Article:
Delphinidin is an anthocyanin pigment found in a variety of blue, red and purple fruits such as blueberries, black currants, and cranberries. Delphinidin typically is found together with other anthocyanins. For example, blueberries contain the anthocyanins cyanidin, malvidin, peonidin, and petunidin, in addition to delphinidin. All blue/red/purple dark-fleshed fruits have been found to be associated with reduced breast cancer risk and recurrence. It is likely that the micronutrients in such fruits act synergistically to prevent breast cancer growth and proliferation. However, they also act individually when tested in the laboratory. Now a new study has reported that delphinidin inhibits carcinogen-induced transformation of normal cells into breast cancer cells and also inhibits tumor growth in a mouse model of triple negative (ER-/PR-/HER2-) breast cancer.
Food sources of delphinidin
The most abundant sources of delphinidin are given below:
Latest research finds delphinidin inhibits breast cancer development
The study referenced at the beginning of this new story was designed to investigate the mechanism of action by which delphinidin-3-glucoside reduces breast carcinogenesis and growth, including the role of the Akt/HOTAIR signaling pathway. Activation of the Akt gene is frequently observed in human cancer cells. In particular, long non-coding RNA (lncRNA) HOX transcript antisense RNA (HOTAIR) plays an important part in cancer progression. This is regulated by the interferon regulatory factor-1 (IRF1) and up-streaming Akt activation. Therefore, down-regulation of Akt/HOTAIR signaling is one possible strategy for breast cancer prevention.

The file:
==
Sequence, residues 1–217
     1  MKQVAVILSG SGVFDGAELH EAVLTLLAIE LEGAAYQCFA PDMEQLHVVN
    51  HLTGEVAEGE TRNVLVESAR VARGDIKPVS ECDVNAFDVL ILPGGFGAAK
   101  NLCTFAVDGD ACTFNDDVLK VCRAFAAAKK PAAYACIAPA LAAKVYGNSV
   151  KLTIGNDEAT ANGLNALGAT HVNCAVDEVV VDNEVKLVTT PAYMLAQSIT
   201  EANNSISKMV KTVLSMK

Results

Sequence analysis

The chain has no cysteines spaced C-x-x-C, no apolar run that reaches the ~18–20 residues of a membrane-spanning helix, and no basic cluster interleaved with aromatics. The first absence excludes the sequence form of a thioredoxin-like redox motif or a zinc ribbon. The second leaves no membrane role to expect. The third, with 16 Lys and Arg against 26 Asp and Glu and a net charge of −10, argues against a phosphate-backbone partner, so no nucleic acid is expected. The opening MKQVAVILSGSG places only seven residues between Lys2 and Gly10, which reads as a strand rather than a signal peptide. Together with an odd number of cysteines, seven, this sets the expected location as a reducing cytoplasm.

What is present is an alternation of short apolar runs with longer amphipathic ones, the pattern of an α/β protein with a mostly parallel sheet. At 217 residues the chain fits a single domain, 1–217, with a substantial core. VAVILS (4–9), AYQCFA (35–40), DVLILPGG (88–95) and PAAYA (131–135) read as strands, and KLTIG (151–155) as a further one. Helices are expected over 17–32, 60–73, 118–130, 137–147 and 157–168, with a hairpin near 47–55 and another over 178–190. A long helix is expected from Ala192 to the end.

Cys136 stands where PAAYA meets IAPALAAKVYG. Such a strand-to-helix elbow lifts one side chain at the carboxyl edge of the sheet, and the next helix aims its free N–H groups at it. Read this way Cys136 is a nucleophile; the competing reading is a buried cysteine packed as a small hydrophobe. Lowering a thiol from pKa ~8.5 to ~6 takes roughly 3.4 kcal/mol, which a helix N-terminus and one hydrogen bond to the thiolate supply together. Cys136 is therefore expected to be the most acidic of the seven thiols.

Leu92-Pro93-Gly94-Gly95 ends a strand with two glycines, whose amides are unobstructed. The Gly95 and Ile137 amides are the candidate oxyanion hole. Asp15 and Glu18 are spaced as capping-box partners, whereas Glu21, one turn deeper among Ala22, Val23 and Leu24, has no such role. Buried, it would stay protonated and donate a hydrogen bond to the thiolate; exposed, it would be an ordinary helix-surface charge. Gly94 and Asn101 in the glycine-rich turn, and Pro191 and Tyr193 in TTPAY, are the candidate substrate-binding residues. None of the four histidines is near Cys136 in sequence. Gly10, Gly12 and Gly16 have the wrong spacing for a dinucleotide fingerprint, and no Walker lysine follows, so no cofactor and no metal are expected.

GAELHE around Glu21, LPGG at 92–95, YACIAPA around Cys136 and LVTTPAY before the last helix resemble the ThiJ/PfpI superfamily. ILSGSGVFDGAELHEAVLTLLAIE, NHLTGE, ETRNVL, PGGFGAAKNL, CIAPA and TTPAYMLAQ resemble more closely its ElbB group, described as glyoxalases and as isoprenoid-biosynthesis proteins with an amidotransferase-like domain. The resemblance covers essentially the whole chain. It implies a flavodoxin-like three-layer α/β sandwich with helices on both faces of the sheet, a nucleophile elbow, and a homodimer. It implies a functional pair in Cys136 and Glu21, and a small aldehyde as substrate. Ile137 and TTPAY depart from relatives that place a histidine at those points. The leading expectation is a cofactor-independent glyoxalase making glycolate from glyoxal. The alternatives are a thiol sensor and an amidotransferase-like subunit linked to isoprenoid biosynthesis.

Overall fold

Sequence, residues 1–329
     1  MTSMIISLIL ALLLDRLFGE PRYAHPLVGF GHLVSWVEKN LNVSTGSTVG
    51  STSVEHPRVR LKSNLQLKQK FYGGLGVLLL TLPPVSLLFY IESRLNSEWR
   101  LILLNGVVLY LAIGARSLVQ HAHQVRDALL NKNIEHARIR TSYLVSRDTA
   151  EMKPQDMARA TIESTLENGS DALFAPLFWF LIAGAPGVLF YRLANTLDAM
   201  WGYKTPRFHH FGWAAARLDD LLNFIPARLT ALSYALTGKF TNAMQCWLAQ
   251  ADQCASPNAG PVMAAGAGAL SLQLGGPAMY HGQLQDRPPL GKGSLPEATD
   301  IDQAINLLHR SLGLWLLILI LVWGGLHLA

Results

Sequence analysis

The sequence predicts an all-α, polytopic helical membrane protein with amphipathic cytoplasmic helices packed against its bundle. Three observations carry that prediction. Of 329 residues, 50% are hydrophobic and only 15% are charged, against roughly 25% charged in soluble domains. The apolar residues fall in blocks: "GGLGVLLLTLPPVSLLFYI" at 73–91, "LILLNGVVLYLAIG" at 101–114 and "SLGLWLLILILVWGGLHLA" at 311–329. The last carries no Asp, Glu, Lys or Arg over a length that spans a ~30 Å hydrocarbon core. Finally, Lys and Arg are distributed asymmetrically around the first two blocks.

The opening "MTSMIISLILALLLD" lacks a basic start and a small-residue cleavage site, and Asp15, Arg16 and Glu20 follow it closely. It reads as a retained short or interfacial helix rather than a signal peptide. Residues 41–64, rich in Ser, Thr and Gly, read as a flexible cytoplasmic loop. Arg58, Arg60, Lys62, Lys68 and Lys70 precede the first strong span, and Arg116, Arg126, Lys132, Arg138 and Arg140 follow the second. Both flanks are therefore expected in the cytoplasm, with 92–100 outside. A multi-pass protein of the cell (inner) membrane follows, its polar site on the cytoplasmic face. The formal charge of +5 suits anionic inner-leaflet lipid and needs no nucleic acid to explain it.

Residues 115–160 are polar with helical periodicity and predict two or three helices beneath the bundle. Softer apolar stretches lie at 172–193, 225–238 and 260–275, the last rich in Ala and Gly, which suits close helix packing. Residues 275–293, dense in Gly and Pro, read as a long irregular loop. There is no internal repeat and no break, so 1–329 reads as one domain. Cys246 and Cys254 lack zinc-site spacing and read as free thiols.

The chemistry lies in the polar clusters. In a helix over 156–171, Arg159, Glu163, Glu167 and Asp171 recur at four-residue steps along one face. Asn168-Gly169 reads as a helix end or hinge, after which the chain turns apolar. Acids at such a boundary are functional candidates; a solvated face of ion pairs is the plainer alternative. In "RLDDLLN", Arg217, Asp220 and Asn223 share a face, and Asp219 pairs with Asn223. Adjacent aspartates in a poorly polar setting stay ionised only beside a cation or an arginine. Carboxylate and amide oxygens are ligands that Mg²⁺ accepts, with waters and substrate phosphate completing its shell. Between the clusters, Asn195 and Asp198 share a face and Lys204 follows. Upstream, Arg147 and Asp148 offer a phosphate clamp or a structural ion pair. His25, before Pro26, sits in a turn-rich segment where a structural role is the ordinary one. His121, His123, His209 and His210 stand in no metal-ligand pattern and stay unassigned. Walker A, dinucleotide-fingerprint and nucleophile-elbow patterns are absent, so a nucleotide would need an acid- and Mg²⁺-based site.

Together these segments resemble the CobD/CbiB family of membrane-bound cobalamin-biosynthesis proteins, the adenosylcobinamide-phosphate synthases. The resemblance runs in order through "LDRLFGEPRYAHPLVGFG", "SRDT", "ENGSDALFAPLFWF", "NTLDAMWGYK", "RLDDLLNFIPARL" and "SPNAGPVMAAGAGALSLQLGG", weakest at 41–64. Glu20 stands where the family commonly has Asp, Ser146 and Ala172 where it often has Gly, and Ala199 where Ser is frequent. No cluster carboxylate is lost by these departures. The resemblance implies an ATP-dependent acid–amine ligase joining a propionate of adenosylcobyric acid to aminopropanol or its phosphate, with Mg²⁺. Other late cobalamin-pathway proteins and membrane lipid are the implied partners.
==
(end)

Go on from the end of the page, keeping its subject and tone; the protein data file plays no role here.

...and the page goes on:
To conduct the study, the authors first treated non-cancerous MCF-10A human breast cells either with two carcinogens or with the carcinogens plus delphinidin for 30 days. The cells were then evaluated for cancer-associated properties using a variety of tests. Exposure to the carcinogens was found to induce malignant transformation in breast cells. This transformation was effectively suppressed in cells co-treated with delphinidin through inactivation of the Akt/HOTAIR signaling pathway.
In a second experiment, the authors implanted bioluminescent MDA-MB-231-Luc-GFP triple negative breast cancer cells in mice to generate tumors in them. Delphinidin was found to inhibit the growth of these xenografted breast tumors, again by decreasing HOTAIR. The authors conclude that the findings suggest that delphinidin is effective in inhibiting breast carcinogenesis, in part through down-regulation of HOTAIR.